We’re cleaning today. Well, I was, now I’m sitting here writing this. I got permission from the list-maker, just so you know. And I’ll be back at it soon. But for now, here I am. We’ve got lots to do. The house has to be ready. We have a potential showing tomorrow. And if that doesn’t result in an instant sale (please let it be so!) then the photographer comes on Wednesday and we list the house and have an open house next weekend and then do whatever needs to be done until it is sold.
It was easier when we had a parsonage. Oh, we still had to clean. We did our best to make it look new for the next pastor and family who would come after us. But we didn’t have all the showing and keeping it clean in between time, pretending that no one really lived here. That’s the standard, it seems to me. To make it looked inhabited, but not lived in. Nothing out of place, nothing actually used, just looking like it could be.
It’s a high standard. Almost unattainable. I’d be more worried about it if I hadn’t gone look at a few houses when I was in Nashville. Some of them were super clean, some were ... lived in clean. Maybe we worry too much about it. Maybe most folks understand what living in a house is like. Maybe clean enough is clean enough.
But then, we want to make a good impression, we want someone to imagine living here enough to want the house themselves. Imagine themselves in this space. With their clutter and not ours. So, we have to move stuff out of the way, so they have space to imagine.
And maybe that’s why God is so concerned about cleanliness. At least the Psalmist thinks that God is concerned about cleanliness. There’s that line in the twenty-fourth psalm, that says you can’t get close to God with dirty hands. You can’t find your place on that hill, in that holy place if your heart is smudged and your hands aren’t washed. “Who shall ascend the hill of the LORD? And who shall stand in his holy place? 4 Those who have clean hands and pure hearts, who do not lift up their souls to what is false, and do not swear deceitfully.” Psalm 24:3-4
I know that there is more of concern than a little dirt on one’s hands in that reference. But still, the cleanliness of the hand seems important enough to add to the list, next to heart and mouth. Be clean. But then, cleanliness doesn’t guarantee that all will be well. In Psalm 73, the psalmist says I was clean, I had good cleaning habits, but still I stumbled. Still I struggled. Cleanliness in and of itself didn’t save him. His hands were clean, but his heart was full of himself, of pride, of arrogance. And he felt it when he came face to face with God. He realized he was relying on his own cleanliness, his own ability to make himself worthy, rather than on the love and grace of God. It was when he recognized his neediness, his own helplessness, that he came closer to the kind of cleanliness that God requires. “Whom have I in heaven but you? And there is nothing on earth that I desire other than you. 26 My flesh and my heart may fail, but God is the strength of my heart and my portion forever.” Psalm 73:25-26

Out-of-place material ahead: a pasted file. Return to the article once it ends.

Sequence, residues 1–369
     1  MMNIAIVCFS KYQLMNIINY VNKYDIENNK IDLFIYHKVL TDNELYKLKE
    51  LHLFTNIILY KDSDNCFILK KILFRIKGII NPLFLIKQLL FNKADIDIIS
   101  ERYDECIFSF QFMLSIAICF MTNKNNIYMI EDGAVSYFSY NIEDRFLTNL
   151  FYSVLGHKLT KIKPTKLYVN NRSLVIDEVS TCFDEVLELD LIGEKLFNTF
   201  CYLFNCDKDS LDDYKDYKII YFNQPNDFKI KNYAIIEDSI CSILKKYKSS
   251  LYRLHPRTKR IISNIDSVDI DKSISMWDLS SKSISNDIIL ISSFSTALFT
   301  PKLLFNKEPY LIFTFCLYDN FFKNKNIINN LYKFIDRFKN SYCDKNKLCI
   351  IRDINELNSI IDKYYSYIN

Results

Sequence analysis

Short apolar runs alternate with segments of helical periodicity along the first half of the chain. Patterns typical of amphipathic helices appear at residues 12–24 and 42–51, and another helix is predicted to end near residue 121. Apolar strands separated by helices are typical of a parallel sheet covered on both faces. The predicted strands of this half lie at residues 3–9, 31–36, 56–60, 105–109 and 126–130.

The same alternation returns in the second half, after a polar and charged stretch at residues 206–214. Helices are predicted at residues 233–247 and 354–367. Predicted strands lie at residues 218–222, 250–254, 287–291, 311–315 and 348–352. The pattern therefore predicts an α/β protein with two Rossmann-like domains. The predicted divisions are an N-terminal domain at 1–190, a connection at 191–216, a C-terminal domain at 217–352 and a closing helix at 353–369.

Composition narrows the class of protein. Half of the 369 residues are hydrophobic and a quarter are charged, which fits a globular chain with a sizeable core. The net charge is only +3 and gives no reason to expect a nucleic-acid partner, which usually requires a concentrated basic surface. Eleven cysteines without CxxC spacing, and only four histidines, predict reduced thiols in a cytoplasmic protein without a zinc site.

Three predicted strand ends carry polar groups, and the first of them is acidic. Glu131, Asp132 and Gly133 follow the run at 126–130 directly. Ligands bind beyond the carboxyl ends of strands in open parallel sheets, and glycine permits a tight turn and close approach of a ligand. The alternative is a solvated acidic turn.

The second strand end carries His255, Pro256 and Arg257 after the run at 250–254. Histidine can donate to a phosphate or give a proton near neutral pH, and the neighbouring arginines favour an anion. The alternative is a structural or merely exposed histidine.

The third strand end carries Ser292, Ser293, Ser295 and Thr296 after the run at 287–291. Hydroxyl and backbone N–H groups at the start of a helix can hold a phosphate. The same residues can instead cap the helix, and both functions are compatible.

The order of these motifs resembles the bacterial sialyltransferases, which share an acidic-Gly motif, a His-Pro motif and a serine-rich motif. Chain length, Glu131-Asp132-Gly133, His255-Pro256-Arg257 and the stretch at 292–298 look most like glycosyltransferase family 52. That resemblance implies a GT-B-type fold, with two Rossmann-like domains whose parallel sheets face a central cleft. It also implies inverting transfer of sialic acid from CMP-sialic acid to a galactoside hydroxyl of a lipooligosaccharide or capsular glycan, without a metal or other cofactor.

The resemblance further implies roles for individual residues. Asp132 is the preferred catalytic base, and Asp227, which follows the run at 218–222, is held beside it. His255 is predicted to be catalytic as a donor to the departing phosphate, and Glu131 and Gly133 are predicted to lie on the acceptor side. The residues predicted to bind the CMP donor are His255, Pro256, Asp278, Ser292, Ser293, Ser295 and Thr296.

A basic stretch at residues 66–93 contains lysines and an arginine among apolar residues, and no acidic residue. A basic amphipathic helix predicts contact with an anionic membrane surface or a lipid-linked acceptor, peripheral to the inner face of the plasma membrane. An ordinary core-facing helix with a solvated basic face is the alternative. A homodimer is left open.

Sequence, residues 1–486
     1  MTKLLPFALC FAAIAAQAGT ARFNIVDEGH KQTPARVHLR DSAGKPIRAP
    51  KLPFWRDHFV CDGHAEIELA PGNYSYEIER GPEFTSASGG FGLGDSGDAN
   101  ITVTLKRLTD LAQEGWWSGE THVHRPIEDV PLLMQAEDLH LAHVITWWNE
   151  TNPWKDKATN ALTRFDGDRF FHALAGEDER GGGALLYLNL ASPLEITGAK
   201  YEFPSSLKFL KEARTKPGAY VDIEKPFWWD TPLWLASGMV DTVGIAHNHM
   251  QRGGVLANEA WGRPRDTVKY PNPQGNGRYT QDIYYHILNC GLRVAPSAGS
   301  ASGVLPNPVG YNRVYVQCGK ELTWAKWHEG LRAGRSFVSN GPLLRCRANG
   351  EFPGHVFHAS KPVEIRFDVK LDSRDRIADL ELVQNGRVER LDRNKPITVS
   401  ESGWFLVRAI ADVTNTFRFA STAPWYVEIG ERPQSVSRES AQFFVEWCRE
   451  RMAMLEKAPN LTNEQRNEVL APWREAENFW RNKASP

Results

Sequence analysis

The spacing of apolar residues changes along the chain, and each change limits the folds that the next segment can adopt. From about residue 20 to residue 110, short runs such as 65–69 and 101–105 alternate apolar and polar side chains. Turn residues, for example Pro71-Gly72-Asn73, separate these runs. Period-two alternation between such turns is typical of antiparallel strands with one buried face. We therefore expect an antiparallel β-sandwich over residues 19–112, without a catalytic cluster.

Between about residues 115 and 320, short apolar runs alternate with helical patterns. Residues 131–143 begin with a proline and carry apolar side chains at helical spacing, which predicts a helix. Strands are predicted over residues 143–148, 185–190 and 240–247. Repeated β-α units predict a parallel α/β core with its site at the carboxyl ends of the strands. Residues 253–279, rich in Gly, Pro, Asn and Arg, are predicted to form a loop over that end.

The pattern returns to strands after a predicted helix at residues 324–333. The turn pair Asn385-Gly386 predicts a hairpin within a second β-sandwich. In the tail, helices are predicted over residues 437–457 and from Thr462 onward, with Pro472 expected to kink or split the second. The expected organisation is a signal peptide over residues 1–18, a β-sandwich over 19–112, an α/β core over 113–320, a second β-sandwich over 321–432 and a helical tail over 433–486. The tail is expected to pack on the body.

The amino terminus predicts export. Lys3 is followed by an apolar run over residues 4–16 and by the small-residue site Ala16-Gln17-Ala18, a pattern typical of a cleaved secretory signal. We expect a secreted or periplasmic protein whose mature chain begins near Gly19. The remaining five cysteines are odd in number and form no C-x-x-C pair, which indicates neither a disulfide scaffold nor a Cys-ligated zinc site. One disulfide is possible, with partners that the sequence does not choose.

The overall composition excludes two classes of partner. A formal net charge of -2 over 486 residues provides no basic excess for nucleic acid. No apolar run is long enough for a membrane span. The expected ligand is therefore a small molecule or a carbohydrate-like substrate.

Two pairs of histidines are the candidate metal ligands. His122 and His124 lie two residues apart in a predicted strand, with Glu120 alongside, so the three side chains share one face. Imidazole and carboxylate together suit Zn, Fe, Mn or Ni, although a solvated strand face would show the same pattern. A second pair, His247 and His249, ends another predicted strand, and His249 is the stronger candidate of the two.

But the best known call to cleanliness comes from Psalm 51. Behind that psalm is dirtiness almost beyond description. The story of David and Bathsheba and Uriah and Nathan the prophet is too messy to recount in this space, but it includes breaking of covenants and abuse of power and a sentence of death for an innocent, two innocents to be accurate. Not to mention all the others within whom innocence died so utterly. Could anyone ever be clean again after such a series of events? It seems unlikely. And yet that is the prayer of Psalm 51. “Create in me a clean heart, O God.”